"stress-energy" tensor is on the righthand side.

    the righthand side is usually dominated by a mass density
    but mass can be thought of as a form of energy so (just multiplying
    mass by c2) the righthand side can be all put into form
    of energy density (joules per cubic meter)

    a very small role is played by pressure (which has the same units as energy density----joules per cubic meter is same as newton per sq.meter)

    It is actually true that if material is squeeze so it has more pressure inside this contributes a tiny tiny tiny extra gravity----almost always negligible.
    amazingly einstein included even this extremely small effect of pressure.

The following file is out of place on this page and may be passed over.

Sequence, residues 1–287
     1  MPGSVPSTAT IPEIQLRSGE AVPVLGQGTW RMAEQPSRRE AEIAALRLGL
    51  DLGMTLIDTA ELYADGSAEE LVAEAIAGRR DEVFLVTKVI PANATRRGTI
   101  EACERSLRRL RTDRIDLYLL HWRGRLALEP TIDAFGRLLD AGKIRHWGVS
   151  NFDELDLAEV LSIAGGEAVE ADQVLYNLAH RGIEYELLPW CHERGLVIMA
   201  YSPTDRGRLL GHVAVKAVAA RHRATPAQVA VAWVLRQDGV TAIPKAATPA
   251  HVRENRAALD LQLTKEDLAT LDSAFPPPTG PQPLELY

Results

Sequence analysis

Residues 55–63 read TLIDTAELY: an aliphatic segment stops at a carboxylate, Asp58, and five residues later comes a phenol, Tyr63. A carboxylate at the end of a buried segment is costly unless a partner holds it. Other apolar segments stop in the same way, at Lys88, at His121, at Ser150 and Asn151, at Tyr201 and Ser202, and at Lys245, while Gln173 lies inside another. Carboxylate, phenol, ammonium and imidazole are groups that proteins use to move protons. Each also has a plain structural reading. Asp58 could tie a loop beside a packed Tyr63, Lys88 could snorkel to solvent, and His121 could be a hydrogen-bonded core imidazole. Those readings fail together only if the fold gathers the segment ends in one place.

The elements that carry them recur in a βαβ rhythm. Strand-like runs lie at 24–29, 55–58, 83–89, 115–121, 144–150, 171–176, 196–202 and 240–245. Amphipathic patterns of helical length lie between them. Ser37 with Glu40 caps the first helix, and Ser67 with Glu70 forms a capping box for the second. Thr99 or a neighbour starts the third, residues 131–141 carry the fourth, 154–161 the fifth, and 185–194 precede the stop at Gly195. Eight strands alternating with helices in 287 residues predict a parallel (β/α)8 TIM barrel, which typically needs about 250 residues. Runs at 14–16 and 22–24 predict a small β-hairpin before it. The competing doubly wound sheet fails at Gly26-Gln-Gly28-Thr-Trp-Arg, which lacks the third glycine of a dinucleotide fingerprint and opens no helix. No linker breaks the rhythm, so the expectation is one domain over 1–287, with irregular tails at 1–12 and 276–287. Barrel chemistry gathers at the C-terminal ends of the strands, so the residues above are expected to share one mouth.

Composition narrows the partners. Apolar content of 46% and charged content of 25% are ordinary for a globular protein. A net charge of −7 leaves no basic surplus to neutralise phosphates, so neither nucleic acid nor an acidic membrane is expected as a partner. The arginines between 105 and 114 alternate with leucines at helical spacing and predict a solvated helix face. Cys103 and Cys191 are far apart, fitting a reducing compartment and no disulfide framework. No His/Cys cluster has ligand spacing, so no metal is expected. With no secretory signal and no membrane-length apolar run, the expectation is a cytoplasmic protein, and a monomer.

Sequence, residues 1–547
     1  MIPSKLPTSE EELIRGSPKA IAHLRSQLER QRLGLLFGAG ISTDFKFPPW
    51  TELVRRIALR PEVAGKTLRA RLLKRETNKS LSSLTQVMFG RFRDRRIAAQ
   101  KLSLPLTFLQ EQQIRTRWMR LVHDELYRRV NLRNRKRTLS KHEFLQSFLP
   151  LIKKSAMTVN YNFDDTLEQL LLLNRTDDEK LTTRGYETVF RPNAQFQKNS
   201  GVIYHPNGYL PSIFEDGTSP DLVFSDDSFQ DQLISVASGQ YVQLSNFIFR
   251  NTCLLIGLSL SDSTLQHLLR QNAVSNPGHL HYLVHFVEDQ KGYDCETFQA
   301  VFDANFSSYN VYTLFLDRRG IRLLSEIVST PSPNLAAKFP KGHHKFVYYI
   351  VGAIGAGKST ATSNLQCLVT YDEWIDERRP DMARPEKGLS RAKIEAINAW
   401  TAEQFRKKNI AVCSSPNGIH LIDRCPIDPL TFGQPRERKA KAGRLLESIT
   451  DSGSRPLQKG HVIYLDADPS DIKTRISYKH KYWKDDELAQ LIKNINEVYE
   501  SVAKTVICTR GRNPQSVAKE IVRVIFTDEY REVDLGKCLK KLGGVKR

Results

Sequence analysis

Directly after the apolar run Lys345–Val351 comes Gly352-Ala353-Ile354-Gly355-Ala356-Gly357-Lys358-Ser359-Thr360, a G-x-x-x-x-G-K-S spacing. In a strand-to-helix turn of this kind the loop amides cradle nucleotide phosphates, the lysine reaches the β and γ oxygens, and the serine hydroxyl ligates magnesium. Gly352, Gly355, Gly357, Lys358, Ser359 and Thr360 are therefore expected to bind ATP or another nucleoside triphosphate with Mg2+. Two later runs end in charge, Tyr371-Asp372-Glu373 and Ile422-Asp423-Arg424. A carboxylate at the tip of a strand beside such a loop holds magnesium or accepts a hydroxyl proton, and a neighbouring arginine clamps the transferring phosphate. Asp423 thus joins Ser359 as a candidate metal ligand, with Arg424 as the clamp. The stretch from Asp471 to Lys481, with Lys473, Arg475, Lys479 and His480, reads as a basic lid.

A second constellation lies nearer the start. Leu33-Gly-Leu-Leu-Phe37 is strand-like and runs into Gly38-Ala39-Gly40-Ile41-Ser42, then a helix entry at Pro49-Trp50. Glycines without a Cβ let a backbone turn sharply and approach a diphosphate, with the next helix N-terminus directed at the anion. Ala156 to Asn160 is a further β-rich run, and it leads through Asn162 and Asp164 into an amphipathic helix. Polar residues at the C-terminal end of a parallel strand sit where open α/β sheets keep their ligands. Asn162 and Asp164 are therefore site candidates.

so it is not just mass-energy on the righthand side.

    this equation is very simple and elegant, and it would be fortunate if we could find a book which would present it to you in a way that pleased you
    and made it easy for you to understand.

    John Baez has a tutorial on the einstein equation at his website. this is an introductory simplified approach to the main equation of Gen Rel. and it also does not cost money. I already gave the link. I will give it again:

    It is called "the meaning of the einstein equation"

    It is very simplified but maybe it would be suitable as a beginning.

    this stuff has equations and expects you to know simple college calculus,
    but they are not HARD equations and there are not so many.
    So nobody who has had engineer education should be worried!
    he also has a collection of links to Gen Rel resources on the WW Web.
    he also recommends BOOKS
    Like Ian Kenyon 1991 Oxford Univ. Press text called "General Relativity"